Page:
Modern military aircraft are so complex that fighters like the F-35 Lightning II or the Typhoon take 20 years to go from drawing board to deployment at phenomenal costs. With design work already starting on next-generation fighters for the 2040s, BAE Systems and the University of Glasgow are looking at a faster, cheaper way to produce unmanned air vehicles (UAV), where they aren’t constructed, but grown in computer-controlled chemical vats in a matter weeks.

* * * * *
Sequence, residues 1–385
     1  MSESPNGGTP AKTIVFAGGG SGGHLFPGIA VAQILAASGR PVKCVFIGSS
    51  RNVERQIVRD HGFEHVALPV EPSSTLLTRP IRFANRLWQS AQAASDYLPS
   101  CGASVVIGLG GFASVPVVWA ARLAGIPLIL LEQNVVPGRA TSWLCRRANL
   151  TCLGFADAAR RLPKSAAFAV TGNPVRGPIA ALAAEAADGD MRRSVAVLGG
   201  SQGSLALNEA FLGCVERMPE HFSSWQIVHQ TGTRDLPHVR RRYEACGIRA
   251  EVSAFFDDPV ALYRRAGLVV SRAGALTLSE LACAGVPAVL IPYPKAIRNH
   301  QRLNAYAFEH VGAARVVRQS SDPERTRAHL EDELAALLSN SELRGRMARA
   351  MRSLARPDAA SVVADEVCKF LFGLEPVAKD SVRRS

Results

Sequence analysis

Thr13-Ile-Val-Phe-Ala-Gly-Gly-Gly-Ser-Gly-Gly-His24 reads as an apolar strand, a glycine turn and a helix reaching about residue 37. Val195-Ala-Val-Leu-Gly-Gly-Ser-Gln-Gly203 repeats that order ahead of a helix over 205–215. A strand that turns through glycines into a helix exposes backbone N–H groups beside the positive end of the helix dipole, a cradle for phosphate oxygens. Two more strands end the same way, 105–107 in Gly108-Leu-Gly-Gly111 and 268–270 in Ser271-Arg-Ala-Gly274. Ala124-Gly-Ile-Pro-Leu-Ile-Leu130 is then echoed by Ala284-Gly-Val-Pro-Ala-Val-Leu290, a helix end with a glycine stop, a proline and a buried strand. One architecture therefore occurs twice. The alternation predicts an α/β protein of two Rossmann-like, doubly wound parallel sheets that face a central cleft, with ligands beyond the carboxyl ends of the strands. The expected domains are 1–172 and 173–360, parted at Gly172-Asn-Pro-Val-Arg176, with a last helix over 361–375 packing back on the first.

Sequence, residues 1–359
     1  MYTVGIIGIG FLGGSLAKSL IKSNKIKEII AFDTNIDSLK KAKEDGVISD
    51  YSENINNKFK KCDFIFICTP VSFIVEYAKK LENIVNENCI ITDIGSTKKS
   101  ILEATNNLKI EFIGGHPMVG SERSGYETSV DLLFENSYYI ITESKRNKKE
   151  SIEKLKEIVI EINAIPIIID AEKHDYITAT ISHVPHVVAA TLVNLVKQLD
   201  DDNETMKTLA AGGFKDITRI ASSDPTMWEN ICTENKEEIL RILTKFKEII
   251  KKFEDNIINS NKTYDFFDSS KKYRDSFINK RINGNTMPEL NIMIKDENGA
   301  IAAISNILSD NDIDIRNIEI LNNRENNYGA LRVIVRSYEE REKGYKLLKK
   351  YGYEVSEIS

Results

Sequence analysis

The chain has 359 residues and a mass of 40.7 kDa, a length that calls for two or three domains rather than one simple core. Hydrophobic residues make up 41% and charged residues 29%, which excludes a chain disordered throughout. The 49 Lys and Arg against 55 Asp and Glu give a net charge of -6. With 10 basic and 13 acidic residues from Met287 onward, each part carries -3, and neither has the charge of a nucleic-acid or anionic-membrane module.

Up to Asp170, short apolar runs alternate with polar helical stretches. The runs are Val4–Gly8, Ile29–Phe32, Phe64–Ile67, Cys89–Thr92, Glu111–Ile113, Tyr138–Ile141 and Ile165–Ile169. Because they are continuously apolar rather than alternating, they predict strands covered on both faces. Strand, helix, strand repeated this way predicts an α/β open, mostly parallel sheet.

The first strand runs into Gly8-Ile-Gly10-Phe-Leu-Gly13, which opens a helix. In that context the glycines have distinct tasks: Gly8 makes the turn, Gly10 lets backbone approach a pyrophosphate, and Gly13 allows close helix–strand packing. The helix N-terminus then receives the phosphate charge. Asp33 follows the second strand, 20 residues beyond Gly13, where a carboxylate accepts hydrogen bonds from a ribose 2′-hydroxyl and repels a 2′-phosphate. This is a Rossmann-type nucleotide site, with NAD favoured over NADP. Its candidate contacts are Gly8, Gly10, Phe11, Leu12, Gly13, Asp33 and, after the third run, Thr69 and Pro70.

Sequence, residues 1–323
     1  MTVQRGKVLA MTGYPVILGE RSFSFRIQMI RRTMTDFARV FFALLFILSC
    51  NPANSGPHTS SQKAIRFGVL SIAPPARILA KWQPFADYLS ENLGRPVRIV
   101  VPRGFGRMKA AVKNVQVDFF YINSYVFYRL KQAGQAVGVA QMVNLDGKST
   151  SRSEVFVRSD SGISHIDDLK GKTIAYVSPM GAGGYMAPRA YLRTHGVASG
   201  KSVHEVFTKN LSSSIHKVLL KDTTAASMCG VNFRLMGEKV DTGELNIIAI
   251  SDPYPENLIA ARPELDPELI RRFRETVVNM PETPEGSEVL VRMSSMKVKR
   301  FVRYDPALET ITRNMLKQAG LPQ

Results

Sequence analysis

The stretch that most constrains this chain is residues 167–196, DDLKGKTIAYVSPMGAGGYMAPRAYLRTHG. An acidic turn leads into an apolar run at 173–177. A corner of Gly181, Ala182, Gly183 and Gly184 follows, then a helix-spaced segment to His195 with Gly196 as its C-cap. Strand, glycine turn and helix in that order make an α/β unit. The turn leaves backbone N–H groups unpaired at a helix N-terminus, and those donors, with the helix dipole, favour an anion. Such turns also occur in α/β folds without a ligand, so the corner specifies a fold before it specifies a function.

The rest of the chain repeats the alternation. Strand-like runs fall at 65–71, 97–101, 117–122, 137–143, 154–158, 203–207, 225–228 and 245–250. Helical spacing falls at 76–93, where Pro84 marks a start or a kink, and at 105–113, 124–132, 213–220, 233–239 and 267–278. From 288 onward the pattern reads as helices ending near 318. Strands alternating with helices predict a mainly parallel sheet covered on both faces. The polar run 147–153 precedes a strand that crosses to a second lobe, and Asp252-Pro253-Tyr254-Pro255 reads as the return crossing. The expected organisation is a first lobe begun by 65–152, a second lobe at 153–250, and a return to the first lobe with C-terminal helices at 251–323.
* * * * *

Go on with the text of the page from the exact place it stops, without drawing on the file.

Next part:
This vision of the future of aircraft design and manufacturing was outlined ahead of the upcoming Farnborough International Airshow, which runs from July 11 to 17. The purpose of this concept isn’t just to cut cost and the painfully long development cycle of military aviation hardware. It’s also a reflection of the growing emphasis on swarms of smaller drone aircraft that can be built to custom specifications for specific missions over manned aircraft.